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A small house is spray painted with anti-drug use graffiti.
Figure 31.1 Recognizing a community in crisis is not always as simple as reading the writing on the wall. Working in the community, nurses are uniquely positioned to recognize the signs of crisis and advocate for their clients’ needs. (credit: modification of work “!!!” by Eric Chan/Flickr, CC BY 2.0)

One morning in a suburban Texas emergency department (ED), Eileen, a self-identified 16-year-old female, presented for treatment, clutching her abdomen and complaining of pain. Following an assessment, the ED nurse could not find anything wrong with Eileen. When told she could go home, Eileen said if she went home, she’d “kill myself by taking a whole bottle of extra-strength Tylenol.” Since Eileen could not be discharged if her life was in danger, she was moved to a bed in the hospital’s inpatient mental health unit, where psychiatric nurse Sally Strong was in the middle of her shift. Nurse Strong scrolled through Eileen’s chart to see if she had any previous mental-health visits or a history of depression. Finding none, Nurse Strong noticed that Eileen had recently been to several nearby EDs, each time receiving treatment for sexually transmitted infections (STIs) and various types of substance misuse (marijuana, cocaine, ecstasy, and bath salts). A few months earlier, Nurse Strong’s hospital implemented a protocol that helped nurses identify victims of sex trafficking. Eileen’s repeated ED visits for STIs and substance misuse suggested to Nurse Strong that Eileen might be one of them, and her instincts were right. She sat with Eileen and gently shared that she noticed her medical history, asking, “Is someone making you do things you don’t want to do?” Without looking up, Eileen explained that a man was forcing her to have sex with other people and to use drugs to make her “spaced out enough to be able to do it.” Eileen did not have to say the exact words for Nurse Strong to know Eileen was being trafficked. Nurse Strong followed the hospital protocol for reporting. She referred Eileen to a safe house and connected her with resources to help her build a new life.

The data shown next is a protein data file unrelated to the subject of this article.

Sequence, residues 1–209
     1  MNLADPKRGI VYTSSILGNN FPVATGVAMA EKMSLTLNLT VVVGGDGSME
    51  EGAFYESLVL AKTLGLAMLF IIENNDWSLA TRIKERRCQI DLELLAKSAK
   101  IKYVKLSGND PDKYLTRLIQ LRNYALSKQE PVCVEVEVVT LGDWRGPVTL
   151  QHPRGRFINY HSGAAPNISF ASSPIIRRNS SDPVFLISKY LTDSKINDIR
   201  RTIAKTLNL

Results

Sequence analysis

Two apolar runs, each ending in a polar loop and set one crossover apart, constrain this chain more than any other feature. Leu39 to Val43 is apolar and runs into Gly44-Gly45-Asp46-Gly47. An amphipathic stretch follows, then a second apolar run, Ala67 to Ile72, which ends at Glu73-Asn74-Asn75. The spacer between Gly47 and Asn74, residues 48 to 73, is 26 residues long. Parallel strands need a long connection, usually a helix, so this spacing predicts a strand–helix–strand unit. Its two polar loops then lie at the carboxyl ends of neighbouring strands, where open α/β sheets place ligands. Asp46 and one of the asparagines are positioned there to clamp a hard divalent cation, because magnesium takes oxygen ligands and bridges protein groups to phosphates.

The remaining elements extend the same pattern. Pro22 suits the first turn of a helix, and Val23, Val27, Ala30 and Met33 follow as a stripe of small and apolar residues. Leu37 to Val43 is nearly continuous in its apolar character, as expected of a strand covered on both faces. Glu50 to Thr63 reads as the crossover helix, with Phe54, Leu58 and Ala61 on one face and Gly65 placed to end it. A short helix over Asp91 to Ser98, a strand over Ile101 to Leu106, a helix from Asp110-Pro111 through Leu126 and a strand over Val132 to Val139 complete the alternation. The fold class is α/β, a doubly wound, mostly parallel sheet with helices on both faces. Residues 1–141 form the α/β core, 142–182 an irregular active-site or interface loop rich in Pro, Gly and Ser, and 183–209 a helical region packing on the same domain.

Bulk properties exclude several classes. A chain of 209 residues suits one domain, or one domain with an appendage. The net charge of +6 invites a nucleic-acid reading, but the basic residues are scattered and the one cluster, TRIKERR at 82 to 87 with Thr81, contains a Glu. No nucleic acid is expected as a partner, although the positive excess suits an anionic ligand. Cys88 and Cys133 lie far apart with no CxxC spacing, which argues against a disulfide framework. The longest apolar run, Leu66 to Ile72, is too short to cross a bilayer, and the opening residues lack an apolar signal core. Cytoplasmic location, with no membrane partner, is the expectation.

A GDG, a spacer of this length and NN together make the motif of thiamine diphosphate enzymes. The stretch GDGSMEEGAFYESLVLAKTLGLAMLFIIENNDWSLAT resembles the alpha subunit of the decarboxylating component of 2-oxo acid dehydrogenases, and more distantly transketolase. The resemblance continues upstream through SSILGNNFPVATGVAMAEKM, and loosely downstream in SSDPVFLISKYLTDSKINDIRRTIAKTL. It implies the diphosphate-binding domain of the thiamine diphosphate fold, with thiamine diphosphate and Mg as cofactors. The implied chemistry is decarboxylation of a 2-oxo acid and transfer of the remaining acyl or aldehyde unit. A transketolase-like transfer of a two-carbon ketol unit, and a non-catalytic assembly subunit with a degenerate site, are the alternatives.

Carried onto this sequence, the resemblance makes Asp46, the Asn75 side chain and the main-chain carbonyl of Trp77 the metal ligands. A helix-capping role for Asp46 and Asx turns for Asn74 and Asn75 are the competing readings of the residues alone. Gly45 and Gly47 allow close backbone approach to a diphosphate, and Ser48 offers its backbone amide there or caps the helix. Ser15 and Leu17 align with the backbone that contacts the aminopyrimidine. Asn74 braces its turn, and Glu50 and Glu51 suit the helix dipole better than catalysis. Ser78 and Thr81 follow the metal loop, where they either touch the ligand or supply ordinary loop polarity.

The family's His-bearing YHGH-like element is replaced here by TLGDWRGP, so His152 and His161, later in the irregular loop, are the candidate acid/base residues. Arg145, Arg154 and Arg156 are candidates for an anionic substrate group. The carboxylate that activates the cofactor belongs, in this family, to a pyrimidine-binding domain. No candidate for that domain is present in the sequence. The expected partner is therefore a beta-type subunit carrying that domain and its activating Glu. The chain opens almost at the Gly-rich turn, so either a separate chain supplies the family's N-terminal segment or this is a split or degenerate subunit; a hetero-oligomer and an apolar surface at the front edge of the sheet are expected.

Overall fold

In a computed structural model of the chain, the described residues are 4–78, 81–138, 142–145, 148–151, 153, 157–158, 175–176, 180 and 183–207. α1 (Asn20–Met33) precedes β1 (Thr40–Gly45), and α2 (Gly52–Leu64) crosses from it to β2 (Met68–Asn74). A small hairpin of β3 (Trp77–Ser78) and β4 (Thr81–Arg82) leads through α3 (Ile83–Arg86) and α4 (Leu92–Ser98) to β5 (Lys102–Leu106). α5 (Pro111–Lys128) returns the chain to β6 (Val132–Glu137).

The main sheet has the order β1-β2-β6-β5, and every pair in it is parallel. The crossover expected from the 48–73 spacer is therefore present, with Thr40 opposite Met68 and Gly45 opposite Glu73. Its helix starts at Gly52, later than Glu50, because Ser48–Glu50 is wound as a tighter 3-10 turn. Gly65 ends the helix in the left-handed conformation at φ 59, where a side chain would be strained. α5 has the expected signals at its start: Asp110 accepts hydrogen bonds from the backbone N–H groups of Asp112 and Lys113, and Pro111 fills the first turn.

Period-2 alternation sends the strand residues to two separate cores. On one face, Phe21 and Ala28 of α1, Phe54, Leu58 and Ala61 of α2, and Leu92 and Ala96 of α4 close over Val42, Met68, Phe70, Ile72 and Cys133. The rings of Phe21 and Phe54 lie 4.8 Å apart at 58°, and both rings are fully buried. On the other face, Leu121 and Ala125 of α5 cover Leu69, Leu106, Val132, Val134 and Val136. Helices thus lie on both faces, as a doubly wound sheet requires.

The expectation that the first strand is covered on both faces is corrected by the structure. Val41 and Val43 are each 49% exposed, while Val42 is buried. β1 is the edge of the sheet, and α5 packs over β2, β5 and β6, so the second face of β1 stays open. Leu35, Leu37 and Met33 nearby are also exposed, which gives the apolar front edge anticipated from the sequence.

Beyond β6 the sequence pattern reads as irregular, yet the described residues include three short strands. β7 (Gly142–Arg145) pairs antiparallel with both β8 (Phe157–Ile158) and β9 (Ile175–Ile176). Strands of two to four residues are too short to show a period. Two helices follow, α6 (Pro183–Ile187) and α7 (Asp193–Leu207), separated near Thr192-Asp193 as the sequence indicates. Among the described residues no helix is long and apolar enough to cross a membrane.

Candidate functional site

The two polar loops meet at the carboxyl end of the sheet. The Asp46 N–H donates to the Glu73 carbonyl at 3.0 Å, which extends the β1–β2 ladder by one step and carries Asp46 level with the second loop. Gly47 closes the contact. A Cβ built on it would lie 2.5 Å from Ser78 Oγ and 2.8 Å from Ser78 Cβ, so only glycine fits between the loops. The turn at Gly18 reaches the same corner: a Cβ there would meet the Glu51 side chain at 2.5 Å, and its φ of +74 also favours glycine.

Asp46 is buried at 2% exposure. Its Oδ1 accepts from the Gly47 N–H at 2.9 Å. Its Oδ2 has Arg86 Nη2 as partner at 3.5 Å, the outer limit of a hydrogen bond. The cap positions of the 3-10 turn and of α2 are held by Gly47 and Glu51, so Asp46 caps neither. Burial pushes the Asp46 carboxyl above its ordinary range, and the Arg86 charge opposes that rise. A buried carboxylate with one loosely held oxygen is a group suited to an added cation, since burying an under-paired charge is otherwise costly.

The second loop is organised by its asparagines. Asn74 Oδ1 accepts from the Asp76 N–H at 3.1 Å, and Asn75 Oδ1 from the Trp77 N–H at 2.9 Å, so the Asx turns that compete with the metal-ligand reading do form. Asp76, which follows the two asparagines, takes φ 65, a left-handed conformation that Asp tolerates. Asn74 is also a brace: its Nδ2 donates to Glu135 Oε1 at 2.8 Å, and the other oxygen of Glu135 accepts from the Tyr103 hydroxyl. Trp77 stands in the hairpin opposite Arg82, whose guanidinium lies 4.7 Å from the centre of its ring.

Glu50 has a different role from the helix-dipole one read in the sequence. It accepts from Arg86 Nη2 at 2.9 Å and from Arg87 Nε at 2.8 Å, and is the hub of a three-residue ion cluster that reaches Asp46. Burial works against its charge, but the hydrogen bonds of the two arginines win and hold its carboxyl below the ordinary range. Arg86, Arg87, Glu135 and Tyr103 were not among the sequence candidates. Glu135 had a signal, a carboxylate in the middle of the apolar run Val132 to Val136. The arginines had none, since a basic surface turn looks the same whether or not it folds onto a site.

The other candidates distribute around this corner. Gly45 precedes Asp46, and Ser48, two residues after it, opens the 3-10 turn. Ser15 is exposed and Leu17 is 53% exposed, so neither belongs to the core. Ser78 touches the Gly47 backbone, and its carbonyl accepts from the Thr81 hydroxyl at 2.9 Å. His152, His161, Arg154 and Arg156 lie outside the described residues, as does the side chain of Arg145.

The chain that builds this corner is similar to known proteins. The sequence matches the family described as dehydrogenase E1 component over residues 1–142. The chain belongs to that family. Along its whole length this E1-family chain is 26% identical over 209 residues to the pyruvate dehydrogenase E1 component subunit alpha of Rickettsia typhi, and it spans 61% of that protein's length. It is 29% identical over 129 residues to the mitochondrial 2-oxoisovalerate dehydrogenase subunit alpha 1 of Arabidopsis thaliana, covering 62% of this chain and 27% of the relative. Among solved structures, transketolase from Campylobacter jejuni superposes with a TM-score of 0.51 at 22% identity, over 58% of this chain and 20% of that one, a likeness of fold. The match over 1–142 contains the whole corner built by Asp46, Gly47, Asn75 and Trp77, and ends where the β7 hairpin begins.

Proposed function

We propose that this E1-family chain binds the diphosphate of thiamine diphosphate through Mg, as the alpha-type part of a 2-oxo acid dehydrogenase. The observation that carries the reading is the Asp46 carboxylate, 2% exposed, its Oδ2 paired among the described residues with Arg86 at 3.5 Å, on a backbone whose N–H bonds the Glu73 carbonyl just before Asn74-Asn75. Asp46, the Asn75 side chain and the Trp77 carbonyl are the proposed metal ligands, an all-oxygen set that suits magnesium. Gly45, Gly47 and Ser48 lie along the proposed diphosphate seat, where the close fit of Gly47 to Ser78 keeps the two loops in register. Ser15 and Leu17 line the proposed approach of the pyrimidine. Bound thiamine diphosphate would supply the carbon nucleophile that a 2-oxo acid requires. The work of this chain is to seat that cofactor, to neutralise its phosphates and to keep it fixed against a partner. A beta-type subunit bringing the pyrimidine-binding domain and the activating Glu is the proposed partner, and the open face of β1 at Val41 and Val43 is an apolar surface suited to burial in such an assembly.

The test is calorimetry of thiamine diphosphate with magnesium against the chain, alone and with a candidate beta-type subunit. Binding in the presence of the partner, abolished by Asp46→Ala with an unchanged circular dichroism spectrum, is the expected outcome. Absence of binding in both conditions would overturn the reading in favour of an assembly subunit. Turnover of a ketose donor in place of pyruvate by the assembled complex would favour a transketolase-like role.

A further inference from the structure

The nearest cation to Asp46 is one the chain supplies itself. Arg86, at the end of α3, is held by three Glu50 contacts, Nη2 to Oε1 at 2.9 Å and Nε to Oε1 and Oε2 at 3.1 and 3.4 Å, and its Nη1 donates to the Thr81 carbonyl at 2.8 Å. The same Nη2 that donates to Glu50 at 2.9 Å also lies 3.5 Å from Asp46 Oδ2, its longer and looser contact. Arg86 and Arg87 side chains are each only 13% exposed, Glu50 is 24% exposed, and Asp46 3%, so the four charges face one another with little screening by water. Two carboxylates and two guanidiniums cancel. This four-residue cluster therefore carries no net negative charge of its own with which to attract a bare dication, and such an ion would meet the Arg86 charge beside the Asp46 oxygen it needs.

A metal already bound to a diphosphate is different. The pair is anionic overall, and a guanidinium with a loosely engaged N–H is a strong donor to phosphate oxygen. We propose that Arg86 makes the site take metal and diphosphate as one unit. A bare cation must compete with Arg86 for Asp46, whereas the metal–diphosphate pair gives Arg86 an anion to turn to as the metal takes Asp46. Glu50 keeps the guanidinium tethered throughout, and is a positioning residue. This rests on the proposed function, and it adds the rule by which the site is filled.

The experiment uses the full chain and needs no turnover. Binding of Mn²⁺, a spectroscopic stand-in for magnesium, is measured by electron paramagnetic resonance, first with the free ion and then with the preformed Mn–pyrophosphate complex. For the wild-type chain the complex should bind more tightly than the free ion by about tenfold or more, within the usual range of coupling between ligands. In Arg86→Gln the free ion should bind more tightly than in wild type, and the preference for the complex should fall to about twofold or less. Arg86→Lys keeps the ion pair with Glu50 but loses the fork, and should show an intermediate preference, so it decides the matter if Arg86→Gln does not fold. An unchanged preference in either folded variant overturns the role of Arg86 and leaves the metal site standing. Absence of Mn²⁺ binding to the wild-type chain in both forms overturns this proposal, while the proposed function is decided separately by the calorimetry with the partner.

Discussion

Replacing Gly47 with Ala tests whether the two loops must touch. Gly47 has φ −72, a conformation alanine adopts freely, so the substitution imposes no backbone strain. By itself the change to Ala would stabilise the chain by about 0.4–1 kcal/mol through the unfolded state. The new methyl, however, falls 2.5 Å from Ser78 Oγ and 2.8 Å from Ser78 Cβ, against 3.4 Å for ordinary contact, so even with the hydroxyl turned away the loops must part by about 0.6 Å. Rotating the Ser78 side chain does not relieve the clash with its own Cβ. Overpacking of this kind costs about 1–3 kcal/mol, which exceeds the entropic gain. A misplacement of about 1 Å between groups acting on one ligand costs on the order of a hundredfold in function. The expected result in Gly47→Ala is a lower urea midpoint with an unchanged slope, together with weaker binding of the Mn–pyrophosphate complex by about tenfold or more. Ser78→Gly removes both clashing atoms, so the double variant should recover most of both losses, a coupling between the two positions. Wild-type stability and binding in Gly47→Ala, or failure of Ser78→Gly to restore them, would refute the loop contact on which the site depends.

A community crisis can be extremely challenging for the people directly affected. It can include individuals, local families, workers, businesses, industries, and the community. As nurses, listening to the voices of the people impacted by the crisis is essential to build trust, foster resilience, and facilitate recovery. One only needs to watch the global news media to recognize an exponential number of communities in crisis—from both natural and human causes. This ongoing expansion requires a simultaneous evolutionary adaptation in nursing education, practice, research, and policy to ensure that all nurses—from front-line professionals to researchers—have the baseline knowledge, skills, abilities, and autonomy to protect populations at greatest risk and improve the readiness, safety, and support of the nursing workforce.


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